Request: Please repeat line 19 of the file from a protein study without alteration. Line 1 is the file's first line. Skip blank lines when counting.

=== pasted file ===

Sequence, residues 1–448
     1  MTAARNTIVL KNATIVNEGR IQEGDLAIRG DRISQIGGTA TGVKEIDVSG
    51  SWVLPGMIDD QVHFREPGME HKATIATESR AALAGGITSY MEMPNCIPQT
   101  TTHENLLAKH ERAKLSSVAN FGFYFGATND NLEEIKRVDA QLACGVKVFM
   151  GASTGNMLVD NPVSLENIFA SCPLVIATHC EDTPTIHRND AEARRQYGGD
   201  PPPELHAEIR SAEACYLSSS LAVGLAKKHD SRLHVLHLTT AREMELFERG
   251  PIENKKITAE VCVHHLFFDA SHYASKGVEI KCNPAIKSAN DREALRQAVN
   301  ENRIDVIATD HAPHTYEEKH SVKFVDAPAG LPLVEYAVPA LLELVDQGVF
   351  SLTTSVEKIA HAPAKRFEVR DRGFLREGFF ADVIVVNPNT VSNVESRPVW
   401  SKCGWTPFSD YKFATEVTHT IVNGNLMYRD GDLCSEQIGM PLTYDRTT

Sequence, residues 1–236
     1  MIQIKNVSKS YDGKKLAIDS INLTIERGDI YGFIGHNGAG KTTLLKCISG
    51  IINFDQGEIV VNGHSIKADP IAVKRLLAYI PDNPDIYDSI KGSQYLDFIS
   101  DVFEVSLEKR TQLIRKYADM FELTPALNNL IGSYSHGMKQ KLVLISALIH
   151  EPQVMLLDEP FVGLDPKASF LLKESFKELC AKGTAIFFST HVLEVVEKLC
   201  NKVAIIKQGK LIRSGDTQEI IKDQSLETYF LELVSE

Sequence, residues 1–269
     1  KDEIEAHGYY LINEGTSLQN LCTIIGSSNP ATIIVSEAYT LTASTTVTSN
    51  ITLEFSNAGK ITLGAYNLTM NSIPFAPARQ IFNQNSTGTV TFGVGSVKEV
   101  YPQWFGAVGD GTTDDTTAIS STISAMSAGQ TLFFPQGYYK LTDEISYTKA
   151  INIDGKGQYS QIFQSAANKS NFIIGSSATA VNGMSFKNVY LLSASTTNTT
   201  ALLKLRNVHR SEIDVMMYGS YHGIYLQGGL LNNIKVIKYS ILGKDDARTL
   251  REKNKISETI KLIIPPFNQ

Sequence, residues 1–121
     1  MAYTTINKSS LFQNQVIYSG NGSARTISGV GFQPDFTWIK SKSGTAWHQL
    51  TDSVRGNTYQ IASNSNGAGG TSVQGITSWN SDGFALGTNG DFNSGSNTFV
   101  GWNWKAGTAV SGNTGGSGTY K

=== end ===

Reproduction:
    51  ITLEFSNAGK ITLGAYNLTM NSIPFAPARQ IFNQNSTGTV TFGVGSVKEV